This Week In 1990: August 12, 1990
And then a new artist comes along, with the vocal range to carry on... right up the chart - but who could have predicted that the female singer who debuted on the ARIA singles top 50 this week in 1990 would go on to become one of the world's all-time most successful music acts?
Decades before she received a star on the Hollywood Walk Of Fame, Mariah Carey was just another fresh-faced young female singer trying to make a name for herself. And while that face, along with her wardrobe and grasp on reality might have altered over the years, that spectacular vocal style, which was like nothing that'd been heard before, has remained the same, generating dozens of hits and spawning countless imitators in the years since.
An artist whose influence on the world turned out to be much more limited than Mariah's held down the number 1 spot this week in 1990. "U Can't Touch This" by the running man-dancing, baggy pants-wearing MC Hammer stayed on top for a fourth week.
Off The Chart
Number 95 "Home" by Iggy Pop
Peak: number 95
He'd had an unexpected smash with future Rage theme "Real Wild Child (Wild One)" in 1986, and legendary performer Iggy Pop would strike again with a song from 1990's Brick By Brick album - but not this lead single.
Peak: number 53
Like Iggy, Hothouse Flowers would find success with a song from their 1990 album, Home - but once again it wasn't the lead single that did the business for them. Despite treading a fairly similar piano-led folk/rock path to their two minor hits, "Don't Go" and "I'm Sorry", "Give It Up" narrowly missed the top 50, while Home bounced in and out of the albums top 50, never reaching higher than number 40. Things would change - dramatically - after the release of the album's second single and Home would end up topping the albums chart in March 1991.
Number 48 "Harley & Rose" by The Black Sorrows
Peak: number 24
Fifth album Hold On To Me had proved to be the long-awaited breakthrough for Jo Camilleri's latest musical project, with the LP reaching number 7 and one single, "Chained To The Wheel", also making the top 10. While "Harley & Rose" the single didn't perform quite as well, the tale of two lovers did become the blues/rock band's second biggest hit, while the album of the same name outperformed its predecessor, peaking at number 3.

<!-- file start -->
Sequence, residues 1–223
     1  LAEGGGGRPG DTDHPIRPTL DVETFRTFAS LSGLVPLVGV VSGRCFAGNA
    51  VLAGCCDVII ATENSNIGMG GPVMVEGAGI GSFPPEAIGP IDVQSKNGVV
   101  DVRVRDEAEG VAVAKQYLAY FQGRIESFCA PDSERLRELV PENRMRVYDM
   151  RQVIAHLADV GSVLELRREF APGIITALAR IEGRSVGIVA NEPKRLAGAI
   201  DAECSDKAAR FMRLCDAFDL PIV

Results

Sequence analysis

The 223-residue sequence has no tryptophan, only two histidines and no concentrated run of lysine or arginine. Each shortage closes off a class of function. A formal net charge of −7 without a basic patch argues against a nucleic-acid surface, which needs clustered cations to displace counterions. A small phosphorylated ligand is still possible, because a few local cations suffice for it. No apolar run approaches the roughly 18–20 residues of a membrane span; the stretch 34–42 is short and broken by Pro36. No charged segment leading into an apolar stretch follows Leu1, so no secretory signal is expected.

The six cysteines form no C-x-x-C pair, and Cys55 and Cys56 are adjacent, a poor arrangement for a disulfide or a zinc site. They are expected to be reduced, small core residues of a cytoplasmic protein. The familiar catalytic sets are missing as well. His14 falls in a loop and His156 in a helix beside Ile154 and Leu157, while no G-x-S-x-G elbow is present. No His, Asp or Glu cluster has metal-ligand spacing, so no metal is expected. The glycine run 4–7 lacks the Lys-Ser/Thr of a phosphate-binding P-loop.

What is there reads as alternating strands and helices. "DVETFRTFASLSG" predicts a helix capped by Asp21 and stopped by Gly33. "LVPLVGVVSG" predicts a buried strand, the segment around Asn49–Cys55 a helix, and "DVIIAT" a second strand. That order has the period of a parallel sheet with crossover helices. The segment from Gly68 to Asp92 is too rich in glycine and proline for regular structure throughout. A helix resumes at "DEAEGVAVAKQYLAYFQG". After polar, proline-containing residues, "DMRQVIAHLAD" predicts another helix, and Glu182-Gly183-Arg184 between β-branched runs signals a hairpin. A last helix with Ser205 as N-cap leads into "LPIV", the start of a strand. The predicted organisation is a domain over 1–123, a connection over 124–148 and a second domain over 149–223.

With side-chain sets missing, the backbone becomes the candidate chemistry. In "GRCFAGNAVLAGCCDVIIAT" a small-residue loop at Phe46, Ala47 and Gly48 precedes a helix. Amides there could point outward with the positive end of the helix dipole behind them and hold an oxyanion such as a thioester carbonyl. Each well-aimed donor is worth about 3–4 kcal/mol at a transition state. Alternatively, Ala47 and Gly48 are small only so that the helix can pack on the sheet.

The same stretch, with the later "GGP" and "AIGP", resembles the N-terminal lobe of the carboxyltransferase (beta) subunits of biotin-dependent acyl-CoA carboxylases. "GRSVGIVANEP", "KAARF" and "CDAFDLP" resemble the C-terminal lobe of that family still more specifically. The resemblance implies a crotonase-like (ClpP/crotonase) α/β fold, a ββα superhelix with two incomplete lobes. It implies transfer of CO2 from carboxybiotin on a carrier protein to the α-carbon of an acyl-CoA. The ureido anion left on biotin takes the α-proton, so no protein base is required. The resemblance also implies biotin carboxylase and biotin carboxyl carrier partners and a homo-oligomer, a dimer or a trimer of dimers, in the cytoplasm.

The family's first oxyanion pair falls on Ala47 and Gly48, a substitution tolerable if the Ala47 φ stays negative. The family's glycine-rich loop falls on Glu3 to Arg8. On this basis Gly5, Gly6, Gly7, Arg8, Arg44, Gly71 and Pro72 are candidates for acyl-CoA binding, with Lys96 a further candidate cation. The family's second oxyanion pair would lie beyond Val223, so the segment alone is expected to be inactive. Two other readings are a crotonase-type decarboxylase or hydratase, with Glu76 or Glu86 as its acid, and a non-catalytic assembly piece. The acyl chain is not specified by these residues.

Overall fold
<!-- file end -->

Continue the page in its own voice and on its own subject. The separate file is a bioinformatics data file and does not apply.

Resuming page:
Number 47 "Big Fun" by Icehouse
Peak: number 47
What a difference a couple of years makes. In 1987/88, Icehouse could do no wrong, with a string of five top 30 singles (including two top 5 hits) from the Man Of Colours album, which spent 11 straight weeks at number 1 in late 1987. In 1990, "Big Fun" became the band's second single in row to peak at number 47. The truth of the matter is that "Big Fun" (like earlier flop "Jimmy Dean") just wasn't up to scratch. Seriously, "yo ho ho ho, big fun"? You've got to try harder than that, Iva. And while "Jimmy Dean" was the second new track from a greatest hits collection and could be excused for being under par, "Big Fun" was the lead single from new album Code Blue - the follow-up to Man Of Colours - so expectations were high. Big disappointment, more like it.
Number 45 "Vision Of Love" by Mariah Carey
Peak: number 9
When she burst onto the scene in 1990, she was dubbed "the new Whitney Houston" thanks to her penchant for big ballads sung with her just as big voice, but Mariah Carey quickly became appreciated as an artist in her own right and forged her own significant musical legacy - changing forever the way pop songs were performed. And it all started with her debut single, "Vision Of Love".
The song starts off normally - if slightly dramatically - enough, before we're gently led through a sweet verse and chorus. So far, so unremarkable. But if the octave jumps and initial vocal tricks in the second verse and chorus don't make you sit up and take notice, then the bridge really amps up the excitement as Mariah sings with what we think is her full voice. Oh no, not by a long shot.